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UN Office for the Coordination of Humanitarian Affairs
04 February 2007

AFGHANISTAN: Grave concern over impunity plans for war lords

KABUL , 4 Feb 2007 (IRIN) - The United Nations and a leading human rights group in Afghanistan have expressed concern over a draft law that seeks to grant impunity to Afghans accused of committing war crimes during 25 years of conflict in the country.

On 31 January, the 249-seat lower house (Wolesi Jirga) of Afghanistan’s National Assembly approved and voted in favour of a draft law granting impunity to all those who committed war crimes during the Soviet occupation, from 1979 to 1989; the civil war that followed until 1996; and during the Taliban rule until late 2001. Some members of the lower house said that the motion would boost reconciliation in Afghanistan.

The bill also calls on opposition groups such as Hezb-e-Islami of Gul Buddin Hekmatyar and the Taliban, who are waging a deadly insurgency against the government, to join the peace process.

The draft bill still needs to be endorsed by the 102-member upper house (Meshrano Jirga) of parliament and then signed by President Hamid Karzai before it is enforced as law.

"In order to bring reconciliation among various strata in the society, all those political and belligerent sides who were involved one way or the other during the two and half decades of war will not be prosecuted legally and judicially," the motion passed by the lower house says.

Some analysts say the bill was passed by the lower house of parliament because warlords and ex-communist officials are the majority in it.

Rights groups say, if accepted, it will excuse war criminals involved in nearly 30 years of conflict which have cost the lives of more than 1 million Afghans and forced millions of others to leave the country.

“Only victims and the people of Afghanistan, who suffered decades of war and human rights violations, can make the decision about giving amnesty to war criminals in our country,” Ahmad Nader Nadery, spokesman of the Afghan Independent Human Rights Commission (AIHRC), told IRIN in Kabul.

“AIHRC welcomes efforts for promoting reconciliation, but at the same time we believe granting blanket amnesty will only permit impunity in our country,” Nadery said.

In a statement issued on 1 February, the United Nations Assistance Mission in Afghanistan (UNAMA) agreed with the concerns expressed by rights groups.

“For any process of national reconciliation to succeed, the suffering of victims must be acknowledged and impunity tackled. No one has the right to forgive those responsible for human rights violations other than the victims themselves,” the statement read.

It added that the proper implementation of the Action Plan on Peace, Reconciliation and Justice - a three-year plan launched by President Karzai in December last year - was essential for addressing post-war justice in Afghanistan.

The plan contains five key elements: acknowledgment of the suffering of the Afghan people; strengthening state institutions; finding out the truth about the country’s bloody past; promoting reconciliation; and establishing a proper accountability mechanism.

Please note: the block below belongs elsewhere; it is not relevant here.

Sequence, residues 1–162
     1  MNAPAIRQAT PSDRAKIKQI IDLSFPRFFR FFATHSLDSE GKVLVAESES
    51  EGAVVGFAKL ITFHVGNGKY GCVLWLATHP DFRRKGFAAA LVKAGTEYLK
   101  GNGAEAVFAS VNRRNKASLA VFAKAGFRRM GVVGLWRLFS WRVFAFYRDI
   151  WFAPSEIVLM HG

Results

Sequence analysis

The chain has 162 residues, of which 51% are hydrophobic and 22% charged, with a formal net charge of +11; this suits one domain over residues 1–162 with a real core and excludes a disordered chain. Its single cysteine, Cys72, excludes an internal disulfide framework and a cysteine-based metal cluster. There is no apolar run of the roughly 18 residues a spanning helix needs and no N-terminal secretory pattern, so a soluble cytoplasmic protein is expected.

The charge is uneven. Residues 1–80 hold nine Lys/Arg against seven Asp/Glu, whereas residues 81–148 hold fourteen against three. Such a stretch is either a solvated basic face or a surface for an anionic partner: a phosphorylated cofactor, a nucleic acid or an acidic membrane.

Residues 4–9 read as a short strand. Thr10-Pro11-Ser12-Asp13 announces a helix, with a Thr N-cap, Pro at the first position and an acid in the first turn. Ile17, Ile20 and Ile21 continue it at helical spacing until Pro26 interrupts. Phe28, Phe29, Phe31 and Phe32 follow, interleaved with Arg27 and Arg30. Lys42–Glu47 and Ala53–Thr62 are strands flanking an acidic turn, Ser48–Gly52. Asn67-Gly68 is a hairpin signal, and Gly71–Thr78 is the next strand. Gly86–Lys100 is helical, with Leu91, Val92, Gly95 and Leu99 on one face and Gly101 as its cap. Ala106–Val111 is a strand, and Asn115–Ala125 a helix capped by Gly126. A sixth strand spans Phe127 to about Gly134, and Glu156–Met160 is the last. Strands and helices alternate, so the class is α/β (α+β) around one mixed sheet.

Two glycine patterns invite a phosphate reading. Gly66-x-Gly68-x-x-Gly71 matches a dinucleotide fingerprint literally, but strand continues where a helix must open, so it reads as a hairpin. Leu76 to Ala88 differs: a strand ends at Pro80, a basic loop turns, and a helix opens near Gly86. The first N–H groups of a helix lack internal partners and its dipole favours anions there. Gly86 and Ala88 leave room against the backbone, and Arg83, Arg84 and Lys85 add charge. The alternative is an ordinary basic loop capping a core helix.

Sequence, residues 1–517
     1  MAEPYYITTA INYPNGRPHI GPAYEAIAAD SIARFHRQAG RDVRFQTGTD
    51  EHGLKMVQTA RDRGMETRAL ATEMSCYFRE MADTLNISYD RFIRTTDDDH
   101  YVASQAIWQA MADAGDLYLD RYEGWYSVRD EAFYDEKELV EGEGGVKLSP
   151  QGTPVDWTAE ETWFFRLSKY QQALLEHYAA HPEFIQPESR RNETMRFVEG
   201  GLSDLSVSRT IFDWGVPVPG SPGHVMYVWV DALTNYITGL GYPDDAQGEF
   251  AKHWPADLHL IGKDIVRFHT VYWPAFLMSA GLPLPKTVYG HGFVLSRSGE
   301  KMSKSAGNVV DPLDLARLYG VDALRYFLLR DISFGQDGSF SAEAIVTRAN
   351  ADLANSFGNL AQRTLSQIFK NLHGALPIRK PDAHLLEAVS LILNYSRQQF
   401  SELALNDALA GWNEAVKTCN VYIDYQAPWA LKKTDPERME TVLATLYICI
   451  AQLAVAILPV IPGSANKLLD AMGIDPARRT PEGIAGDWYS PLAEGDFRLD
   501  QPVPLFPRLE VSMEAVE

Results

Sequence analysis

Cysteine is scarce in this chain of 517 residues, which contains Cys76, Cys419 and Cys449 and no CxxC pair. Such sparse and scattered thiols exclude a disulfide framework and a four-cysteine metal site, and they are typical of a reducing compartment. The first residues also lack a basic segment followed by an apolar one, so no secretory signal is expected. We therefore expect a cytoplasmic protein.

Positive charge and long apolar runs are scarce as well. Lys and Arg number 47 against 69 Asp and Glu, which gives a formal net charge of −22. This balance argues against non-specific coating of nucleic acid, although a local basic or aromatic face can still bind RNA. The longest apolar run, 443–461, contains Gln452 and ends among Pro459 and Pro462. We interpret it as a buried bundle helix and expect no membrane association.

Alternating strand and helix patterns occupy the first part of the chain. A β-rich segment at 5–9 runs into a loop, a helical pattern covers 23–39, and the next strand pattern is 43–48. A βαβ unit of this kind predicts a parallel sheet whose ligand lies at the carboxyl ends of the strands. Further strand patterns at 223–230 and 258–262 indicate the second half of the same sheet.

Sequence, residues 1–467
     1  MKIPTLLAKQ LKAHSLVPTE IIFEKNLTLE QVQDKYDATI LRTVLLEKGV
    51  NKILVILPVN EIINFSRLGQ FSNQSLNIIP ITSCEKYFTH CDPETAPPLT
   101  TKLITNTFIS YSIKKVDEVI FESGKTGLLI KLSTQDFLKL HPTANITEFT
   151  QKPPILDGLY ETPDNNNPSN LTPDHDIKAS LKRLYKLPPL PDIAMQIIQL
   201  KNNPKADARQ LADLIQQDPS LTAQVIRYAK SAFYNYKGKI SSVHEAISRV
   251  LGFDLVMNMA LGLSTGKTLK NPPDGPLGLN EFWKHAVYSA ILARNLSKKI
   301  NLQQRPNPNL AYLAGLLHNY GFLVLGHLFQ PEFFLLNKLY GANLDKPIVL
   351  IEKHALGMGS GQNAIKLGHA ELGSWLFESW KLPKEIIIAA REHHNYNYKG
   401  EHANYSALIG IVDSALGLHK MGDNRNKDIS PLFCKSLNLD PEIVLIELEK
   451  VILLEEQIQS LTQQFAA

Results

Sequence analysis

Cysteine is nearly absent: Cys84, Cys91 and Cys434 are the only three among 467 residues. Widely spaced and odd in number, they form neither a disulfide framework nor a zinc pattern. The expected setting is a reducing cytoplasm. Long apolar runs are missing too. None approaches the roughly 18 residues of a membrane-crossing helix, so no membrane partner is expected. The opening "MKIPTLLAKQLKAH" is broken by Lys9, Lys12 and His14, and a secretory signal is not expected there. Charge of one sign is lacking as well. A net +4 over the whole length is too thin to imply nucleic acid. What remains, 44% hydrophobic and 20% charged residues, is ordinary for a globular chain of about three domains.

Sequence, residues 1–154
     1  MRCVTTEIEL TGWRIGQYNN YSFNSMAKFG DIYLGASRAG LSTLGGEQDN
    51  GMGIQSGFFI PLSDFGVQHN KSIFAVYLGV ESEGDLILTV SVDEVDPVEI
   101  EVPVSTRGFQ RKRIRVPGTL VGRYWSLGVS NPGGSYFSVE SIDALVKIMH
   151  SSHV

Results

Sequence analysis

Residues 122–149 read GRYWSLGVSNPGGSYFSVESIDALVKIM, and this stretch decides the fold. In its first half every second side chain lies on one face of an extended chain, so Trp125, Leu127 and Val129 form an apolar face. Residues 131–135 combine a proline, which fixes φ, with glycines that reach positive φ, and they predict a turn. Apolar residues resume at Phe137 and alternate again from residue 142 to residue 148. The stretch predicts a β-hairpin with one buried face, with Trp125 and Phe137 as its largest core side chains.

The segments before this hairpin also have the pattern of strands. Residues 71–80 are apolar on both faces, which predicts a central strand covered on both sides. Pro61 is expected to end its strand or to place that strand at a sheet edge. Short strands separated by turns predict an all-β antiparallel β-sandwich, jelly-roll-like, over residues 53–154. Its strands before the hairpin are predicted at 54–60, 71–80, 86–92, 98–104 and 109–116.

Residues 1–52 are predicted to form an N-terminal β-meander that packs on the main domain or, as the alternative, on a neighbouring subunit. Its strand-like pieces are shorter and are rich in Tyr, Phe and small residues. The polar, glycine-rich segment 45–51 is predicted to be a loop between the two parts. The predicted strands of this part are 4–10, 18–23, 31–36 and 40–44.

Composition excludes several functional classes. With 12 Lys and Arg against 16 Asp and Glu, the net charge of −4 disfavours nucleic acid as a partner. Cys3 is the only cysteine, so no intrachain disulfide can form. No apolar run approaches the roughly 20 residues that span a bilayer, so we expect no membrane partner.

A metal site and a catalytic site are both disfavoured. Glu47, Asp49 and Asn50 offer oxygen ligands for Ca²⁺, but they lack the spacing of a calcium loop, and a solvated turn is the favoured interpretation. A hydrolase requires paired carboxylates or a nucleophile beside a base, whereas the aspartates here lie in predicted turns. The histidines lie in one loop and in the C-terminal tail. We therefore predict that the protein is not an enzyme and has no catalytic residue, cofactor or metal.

In implementing this plan, the Afghan people have the full backing of their international partners, including the UN, the UNAMA statement said.

Some government officials supported the new bill. “All Afghans, including those who are currently fighting against the government, can join the reconciliation process,” Khalid Farooqi, an MP from the south-eastern Paktika province, said.

Others spoke out against it. Shukaria Barakzai, a leading women’s rights activist and member of the lower house, said the bill contradicted the current constitution of Afghanistan. “It was only a clear attempt by warlords to bury their atrocities and crimes,” Barakzai, who protested against the bill, said.

“According to our constitution, everyone has equal rights. It is not the responsibility of parliament to make such decisions about war crimes but it is only the duty of our judiciary,” she added.

In a December 2006 report, the New York-based NGO Human Rights Watch (HRW) said President Karzai and his international backers failed to address post-war crimes in Afghanistan. It said several high-ranking officials of the current Afghan government had been implicated in war crimes during the factional war in the early 1990s in Kabul.

HRW listed parliamentarians Abdul Rabb Rasul Sayyaf, Mohammed Qasim Fahim and Burhanuddin Rabbani, Minister of Energy Ismail Khan, Army Chief of Staff Abdul Rashid Dostum, and current Vice President Karim Khalili as major human rights violators.



This material comes to you via IRIN, a UN humanitarian information unit, but may not necessarily reflect the views of the United Nations or its agencies. If you re-print, copy, archive or re-post this item, please retain this credit and disclaimer. Quotations or extracts should include attribution to the original sources. All materials copyright © UN Office for the Coordination of Humanitarian Affairs 2007

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